ASEAN KEY DESTINATIONS
Japan’s nuclear crisis may delay nuclear power rush
Faced with scenes of exploding nuclear power plants in Japan, many Asean nations may have to take another look at their plans to push ahead with nuclear power.
During the past year, Malaysia, Thailand and Vietnam have announced intentions to develop nuclear power. Vietnam was the site for a “Nuclear Power 2011” conference at the beginning of the year.
Other Asian countries outside the Asean community may also have to rethink their plans. China, a country no stranger to earthquakes is tripling the number of its reactors, building 27 units to add to the 13 now operating on the mainland. India, which plans for a 13-fold increase in nuclear power generation, will reconsider its expansion as Japan’s worst accident in at least 33 years forces a safety review of existing and proposed plants, officials said.
According to the World Nuclear Association, there are 442 reactors worldwide that supply about 15 percent of the globe’s electricity. There are plans to build more than 155 additional reactors, most of them in Asia, and 65 reactors are currently under construction, the association said on its web site.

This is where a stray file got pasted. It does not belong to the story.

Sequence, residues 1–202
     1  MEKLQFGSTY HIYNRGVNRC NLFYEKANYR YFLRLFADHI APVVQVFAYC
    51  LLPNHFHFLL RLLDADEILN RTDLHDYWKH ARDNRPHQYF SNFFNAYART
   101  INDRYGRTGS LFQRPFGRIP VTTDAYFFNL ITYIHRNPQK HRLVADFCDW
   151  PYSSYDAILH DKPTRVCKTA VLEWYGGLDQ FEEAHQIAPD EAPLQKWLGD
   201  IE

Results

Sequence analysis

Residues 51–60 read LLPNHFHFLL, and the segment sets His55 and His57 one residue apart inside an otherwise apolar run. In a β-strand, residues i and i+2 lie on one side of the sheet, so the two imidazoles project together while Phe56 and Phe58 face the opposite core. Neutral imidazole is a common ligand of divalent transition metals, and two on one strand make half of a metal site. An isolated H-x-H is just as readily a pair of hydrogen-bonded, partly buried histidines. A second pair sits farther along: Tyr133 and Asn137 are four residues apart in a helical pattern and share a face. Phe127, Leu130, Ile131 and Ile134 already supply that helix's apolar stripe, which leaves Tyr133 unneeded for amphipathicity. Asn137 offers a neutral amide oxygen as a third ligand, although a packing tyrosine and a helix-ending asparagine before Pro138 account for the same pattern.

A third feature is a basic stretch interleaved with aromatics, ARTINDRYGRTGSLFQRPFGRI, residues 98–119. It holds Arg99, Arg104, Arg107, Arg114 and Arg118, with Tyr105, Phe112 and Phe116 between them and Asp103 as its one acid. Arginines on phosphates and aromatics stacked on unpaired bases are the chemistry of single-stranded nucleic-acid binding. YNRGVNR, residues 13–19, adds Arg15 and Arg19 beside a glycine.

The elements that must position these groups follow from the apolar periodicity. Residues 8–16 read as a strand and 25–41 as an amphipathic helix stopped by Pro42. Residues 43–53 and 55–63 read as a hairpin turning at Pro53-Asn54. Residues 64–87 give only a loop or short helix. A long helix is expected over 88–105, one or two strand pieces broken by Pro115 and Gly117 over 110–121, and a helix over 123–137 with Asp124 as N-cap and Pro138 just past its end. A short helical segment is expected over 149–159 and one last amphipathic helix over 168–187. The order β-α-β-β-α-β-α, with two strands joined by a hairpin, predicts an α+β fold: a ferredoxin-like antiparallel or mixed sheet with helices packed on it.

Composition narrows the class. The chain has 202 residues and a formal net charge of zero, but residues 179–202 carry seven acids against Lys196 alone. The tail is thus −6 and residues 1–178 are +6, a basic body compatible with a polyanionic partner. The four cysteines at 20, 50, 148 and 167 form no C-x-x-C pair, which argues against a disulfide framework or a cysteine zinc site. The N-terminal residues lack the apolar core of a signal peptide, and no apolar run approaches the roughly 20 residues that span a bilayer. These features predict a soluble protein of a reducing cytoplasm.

The most likely development will be a slowing pace in developing nuclear power plants in Asia and in other regions. A similar slowdown occurred after the partial meltdown at the Three Mile Island plant at Harrisburg, Pa. in 1979.
Senator Joseph Lieberman of Connecticut, an independent who heads the Homeland Security Committee said over the week end, “ I think we’ve got to quietly, quickly put the brakes on until we can absorb what has happened in Japan as a result of the earthquake and tsunami and see what more, if anything, we can demand of the new power plants that are coming online.”
Letters that do not contain full contact information cannot be published.
Letters become the property of AseanAffairs and may be republished in any format.
They typically run 150 words or less and may be edited
submit your comment in the box below